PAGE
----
Oil prices fell Friday after spiking the previous day as Saudi Arabian jets struck rebel targets in Yemen, sparking supply fears in the crude-rich Middle East.
Brent North Sea crude for delivery in May sank 63 cents to $58.56 a barrel in London midday deals.
US benchmark West Texas Intermediate (WTI) for May slid 81 cents to $50.62 a barrel.
"Oil prices ... are shedding some of the strong gains they had achieved over the two previous days," said Commerzbank analyst Carsten Fritsch.
"It would appear that the initial panicky response to Saudi Arabia's military intervention in Yemen is giving way to a more sober assessment of the situation."
Prices rose sharply on Wednesday and Thursday after a Saudi Arabia-led coalition bombed Huthi Shiite rebels in support of Yemen's embattled President Abedrabbo Mansour Hadi.
WTI struck a one-month high of $52.48 and Brent jumped to a March 9 peak of $59.78 on Thursday.
However, the market has since pulled lower owing to no disruption to oil supplies.
Yemen is bordered by key Middle East oil producers Saudi Arabia and Oman.
"Oil prices have cooled ... as the initial panic over the consequences of Saudi Arabia’s military action in Yemen and the harm it might cause its oil distribution have failed to materialise," added analyst Alistair McCaig at traders IG.
Yemen has been gripped by turmoil since the Shiite rebels launched a power takeover in Sanaa in February.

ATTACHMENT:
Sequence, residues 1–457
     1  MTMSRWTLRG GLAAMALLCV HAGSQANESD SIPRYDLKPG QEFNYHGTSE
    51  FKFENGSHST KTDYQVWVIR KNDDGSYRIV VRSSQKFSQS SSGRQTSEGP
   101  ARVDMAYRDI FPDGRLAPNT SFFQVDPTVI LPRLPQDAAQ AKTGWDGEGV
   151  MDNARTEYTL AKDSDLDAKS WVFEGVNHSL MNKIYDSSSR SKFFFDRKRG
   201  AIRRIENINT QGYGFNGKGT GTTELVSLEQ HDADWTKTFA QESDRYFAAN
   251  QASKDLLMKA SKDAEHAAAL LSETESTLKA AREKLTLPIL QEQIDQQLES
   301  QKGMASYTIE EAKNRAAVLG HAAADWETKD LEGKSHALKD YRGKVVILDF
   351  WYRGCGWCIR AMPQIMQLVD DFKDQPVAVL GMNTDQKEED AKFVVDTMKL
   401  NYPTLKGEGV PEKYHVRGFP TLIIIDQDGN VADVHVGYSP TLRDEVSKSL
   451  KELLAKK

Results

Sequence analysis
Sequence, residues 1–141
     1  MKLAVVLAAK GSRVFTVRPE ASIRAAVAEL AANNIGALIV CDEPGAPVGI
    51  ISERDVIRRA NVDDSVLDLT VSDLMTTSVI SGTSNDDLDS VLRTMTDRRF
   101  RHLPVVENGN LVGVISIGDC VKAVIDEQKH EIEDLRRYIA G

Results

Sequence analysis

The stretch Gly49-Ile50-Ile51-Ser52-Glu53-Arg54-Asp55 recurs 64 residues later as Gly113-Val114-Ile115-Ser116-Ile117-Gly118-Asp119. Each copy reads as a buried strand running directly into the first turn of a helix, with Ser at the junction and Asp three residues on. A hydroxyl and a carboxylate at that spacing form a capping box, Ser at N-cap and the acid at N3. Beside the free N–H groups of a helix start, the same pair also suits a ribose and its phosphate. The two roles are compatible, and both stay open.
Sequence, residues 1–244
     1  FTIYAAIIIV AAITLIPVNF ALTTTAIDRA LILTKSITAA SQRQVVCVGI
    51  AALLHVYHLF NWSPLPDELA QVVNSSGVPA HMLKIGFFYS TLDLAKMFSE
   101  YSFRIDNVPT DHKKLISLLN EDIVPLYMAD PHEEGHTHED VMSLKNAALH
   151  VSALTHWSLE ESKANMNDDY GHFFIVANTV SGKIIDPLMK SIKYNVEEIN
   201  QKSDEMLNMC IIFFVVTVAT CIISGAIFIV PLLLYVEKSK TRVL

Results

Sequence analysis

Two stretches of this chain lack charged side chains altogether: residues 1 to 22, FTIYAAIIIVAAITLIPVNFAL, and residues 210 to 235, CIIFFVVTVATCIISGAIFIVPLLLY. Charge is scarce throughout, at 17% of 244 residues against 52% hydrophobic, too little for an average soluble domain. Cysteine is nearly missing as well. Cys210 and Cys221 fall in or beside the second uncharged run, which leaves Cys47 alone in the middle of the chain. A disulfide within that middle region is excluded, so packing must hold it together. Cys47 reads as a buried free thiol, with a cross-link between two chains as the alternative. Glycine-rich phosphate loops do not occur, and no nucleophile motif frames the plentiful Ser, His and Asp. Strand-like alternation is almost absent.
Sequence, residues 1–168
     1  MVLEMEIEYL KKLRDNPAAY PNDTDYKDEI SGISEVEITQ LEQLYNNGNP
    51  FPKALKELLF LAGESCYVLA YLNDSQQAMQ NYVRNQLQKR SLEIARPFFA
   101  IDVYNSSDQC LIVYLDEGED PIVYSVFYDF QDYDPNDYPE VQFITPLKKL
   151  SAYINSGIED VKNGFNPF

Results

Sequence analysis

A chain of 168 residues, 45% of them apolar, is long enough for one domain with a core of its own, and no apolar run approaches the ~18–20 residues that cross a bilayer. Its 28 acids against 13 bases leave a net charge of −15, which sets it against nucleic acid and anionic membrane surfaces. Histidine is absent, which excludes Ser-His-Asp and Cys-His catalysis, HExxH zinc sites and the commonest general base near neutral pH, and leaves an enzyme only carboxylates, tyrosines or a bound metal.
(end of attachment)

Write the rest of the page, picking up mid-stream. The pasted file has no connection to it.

Warplanes from the Saudi-led coalition kept up raids against Huthi Shiite rebels on Friday as Hadi headed to an Arab summit to garner support as Shiite majority Iran warned the intervention was "dangerous".
"The recent developments in Yemen have caused oil prices to jump on fears of disruption to supplies," said research house Capital Economics in a commentary.
There are concerns that an escalation of the conflict could disrupt oil shipments passing through the Bab el-Mandeb Strait, located between Yemen and Djibouti and through which about 3.8 million barrels of oil per day are transported, it added.
Other analysts said the impact of the Yemen crisis on the market was tempered by the crude oversupply, which has been fanned by record US stockpiles and the OPEC cartel's refusal to slash production.
"Despite all this increase, we continue to see weak oil fundamentals and thus, find it extremely hard for current prices to persist," said Daniel Ang, an investment analyst with Phillip Futures in Singapore.